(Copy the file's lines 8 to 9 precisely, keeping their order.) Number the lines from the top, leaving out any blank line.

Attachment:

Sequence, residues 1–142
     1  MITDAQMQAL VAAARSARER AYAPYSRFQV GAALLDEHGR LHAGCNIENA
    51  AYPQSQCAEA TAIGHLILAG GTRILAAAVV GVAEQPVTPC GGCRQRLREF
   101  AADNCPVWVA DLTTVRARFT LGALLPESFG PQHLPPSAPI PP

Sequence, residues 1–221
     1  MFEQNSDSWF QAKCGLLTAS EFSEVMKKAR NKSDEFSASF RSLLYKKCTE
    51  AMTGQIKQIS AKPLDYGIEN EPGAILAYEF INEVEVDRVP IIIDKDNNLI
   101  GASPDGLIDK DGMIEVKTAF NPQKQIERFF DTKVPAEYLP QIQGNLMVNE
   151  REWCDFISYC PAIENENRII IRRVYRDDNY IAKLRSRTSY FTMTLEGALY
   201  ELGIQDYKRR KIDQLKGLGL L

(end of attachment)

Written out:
   101  GASPDGLIDK DGMIEVKTAF NPQKQIERFF DTKVPAEYLP QIQGNLMVNE
   151  REWCDFISYC PAIENENRII IRRVYRDDNY IAKLRSRTSY FTMTLEGALY